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Japanese vs Western Saws

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D_W

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Just my opinion, but I think you'll find the situation unrewarding even with practice. But I may be out of touch as I've got a gaggle of rip saws (perhaps 5) that are set up for hardwoods and softwoods with tooth count, rake and set. The issue with japanese saws is that instead of modifying your own (with most), you buy a configuration - you have no recourse them for making it work.

I think what I didn't get very clear above (not for your benefit, but others) is the flexibility of the plates on the japanese saws means that when you correct for a direction in one plane, the flexibility makes for a consequence in another that you're not anticipating.

When I first switched over to hand work, I'd often get off course on a long rip and usually not twice, so the remedy was to flip the board before things got bad and come back the other way. But as you, I never put the time in with the japanese saws to do the critical thing that we all naturally do with western saws on a long rip - make constant and small corrections - because we learn the sense to know when we need to do that. The stiffness of the western plates makes it so that there aren't too many unintended consequences.

A saw that requires lots of wander is a dud in the context of hand working, too - even for people who don't do much hand woodworking. Often, strange shaped or sized pieces allow for extra parts if you can hit a small variance.

https://i.imgur.com/RzFOQiB.jpg

https://i.imgur.com/EORH1YU.jpg

In the case of the above (which is a typical actual use), I want a neck and a fingerboard out of a blank. The blank is as thick as it could be after I planed out bow - there is 1/16th of an inch of wiggle room more or less. With a good bandsaw and care, that's easy to hit (that's a 16th in excess of the kerf - fortunately).

A good quartered fingerboard is about $30, so this use saves $30. Wandering into the fingerboard side is just the loss of the fingerboard. Wandering into the neck side would be a loss of about $80.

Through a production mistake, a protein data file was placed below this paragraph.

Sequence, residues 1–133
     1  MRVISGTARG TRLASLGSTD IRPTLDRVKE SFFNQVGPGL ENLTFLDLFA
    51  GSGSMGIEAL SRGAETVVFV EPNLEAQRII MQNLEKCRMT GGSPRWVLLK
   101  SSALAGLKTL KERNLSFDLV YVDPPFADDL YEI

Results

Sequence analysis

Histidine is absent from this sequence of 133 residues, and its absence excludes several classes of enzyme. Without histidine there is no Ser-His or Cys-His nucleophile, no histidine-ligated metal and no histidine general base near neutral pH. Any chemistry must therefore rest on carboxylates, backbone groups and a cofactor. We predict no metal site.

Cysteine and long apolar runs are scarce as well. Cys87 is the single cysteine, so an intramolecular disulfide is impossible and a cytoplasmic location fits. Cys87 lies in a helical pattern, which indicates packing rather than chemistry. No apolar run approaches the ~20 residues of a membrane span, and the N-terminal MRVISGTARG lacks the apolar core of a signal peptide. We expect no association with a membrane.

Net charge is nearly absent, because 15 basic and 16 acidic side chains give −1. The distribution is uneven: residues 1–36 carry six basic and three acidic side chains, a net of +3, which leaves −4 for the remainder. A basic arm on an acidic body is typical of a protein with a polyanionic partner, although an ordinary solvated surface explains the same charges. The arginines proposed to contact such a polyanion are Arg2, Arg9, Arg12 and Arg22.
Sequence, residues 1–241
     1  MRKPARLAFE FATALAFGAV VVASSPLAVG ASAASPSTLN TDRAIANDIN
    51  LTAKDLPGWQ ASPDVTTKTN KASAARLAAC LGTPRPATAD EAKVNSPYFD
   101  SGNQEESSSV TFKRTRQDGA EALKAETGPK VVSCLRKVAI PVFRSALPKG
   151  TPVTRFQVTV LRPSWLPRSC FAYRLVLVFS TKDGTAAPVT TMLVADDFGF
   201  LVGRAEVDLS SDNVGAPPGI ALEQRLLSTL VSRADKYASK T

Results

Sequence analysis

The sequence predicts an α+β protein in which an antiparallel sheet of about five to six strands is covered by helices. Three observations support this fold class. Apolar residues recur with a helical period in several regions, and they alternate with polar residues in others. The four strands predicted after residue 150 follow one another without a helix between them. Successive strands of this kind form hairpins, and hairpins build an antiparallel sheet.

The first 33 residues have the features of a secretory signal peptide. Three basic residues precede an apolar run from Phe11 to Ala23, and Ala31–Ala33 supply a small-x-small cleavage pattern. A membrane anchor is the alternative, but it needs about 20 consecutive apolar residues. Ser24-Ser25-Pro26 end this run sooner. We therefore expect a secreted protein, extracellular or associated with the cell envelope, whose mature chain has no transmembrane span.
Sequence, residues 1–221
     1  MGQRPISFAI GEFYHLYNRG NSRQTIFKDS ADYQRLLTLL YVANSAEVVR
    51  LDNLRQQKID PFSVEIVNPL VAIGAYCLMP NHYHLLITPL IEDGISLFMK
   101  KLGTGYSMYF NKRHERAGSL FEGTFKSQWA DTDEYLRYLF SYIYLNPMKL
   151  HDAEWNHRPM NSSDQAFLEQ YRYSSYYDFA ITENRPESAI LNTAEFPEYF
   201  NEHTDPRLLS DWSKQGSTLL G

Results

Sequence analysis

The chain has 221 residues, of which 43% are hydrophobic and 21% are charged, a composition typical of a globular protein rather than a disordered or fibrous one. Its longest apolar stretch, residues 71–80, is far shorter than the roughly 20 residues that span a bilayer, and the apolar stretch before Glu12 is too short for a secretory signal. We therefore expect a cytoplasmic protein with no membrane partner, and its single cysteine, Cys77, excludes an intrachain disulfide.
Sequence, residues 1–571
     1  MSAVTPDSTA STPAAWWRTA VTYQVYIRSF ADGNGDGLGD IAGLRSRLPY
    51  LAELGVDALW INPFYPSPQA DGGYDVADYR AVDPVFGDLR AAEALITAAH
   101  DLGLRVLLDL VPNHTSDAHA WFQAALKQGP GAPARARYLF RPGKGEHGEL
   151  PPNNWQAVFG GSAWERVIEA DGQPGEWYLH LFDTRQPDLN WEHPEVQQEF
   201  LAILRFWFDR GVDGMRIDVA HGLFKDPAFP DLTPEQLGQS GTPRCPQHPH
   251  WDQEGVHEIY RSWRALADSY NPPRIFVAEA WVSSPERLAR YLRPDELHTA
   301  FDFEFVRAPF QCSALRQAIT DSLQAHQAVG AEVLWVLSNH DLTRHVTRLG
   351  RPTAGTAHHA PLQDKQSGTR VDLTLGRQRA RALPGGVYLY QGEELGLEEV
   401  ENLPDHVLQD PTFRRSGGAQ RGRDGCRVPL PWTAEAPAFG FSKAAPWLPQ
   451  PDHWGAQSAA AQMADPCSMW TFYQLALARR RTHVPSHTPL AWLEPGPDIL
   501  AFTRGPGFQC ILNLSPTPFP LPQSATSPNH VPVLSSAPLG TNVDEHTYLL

dannyr

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Just making some 'covid19 lock-down' cupboards cut into the plasterboard/drywall of the attic bedroom - fairly rough plywood job, but trimming with some oak offcut mouldings (about 35mm x 15mm) doing the mitres for this and tried thin blade fine tooth Japanese saw, thin blade fine cut Zona (both these nearly new replaceable blade about 18-24 tpi) and an old English in-line gents saw about 16 tpi but thicker blade.
They all cut OK but the Japanese tooth shape seemed too aggressive for oak and I had to be incredibly gentle with it; the Zona was fine, much finer cut than the Japanese (less set?), and the gents saw didn't seem to have the 'bite' of the other two (maybe my amateur saw filing) but actually gave a better result, just as quickly and was easier to handle. This result surprised me.
Possibly quite different result with cedar or pine?
 

D_W

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dannyr":196jrg9n said:
Possibly quite different result with cedar or pine?

pretty much. A high hook tooth (japanese) in gluey hardwood ply or some hardwoods will set itself like old metal golf spikes.

in hard nasty stuff, sometimes fewer teeth or less aggressive is more suitable.
 

Dangermouse 2nd

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Well I'm a bit of a stick in the mud, I've got many brass back saws and many rip and cross cut hand saws, most are 100 plus years old, the newest from the 1930's. thay are all set up to do various jobs superbly. I dont poo poo people who like the Japanese type saw. I just dont feel the need to try one......
 

That would work

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Same here... I've got 3 Diston D8 handsaws to sort out. ... one being left at 7 tpi which I've sharpened and set today. It's a weapon of a saw :shock: The other I'm going to recut to 10tpi (all by hand of course) and the 3rd I'm going to re do as a rip saw. I'll post some pics when I can.
 

woodbloke66

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A few years ago Mike Huntley (ex editor of F&C) arranged for Nagatsu-san to give a workshop for the then members of the Japanese Tool Group Society. He wasn't a saw manufacturer but a 'tuner'; simply by tapping the saw blade on his anvil to 'tune' it he could turn an ordinary Japanese saw into something extraordinary. I know because I tried a 'before' and 'after' ordinary commercial saw:

DSC_0047.jpg


The saws he developed used a huge gullet to clear the sawdust:

DSC_0032.jpg


Although they look incredibly fierce, these saws cut beautifully with hardly any effort - Rob
 

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woodbloke66

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That would work":1rlhcp62 said:
I wonder if Japanese woodworkers have the same debate :?:

They certainly find western tools (planes and saws etc) a bit 'strange' :D - Rob
 

bourbon

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LOL. this thread has reminded me of a visit to the Hawley collection at Kelham Isle Museum in Sheffield. An arrogant curator, saw me looking at two identical saws. He haughtily asked me 'do you know the difference between them? That was his big mistake...I let him go 20 minutes later! As a medieval re-enactors specializing in the crafts of the period. I know most of the history and development in England of pull and push saws. All I could hear from him was 'Oh I didn't know that'. 'I didn't know that'. It was fun really.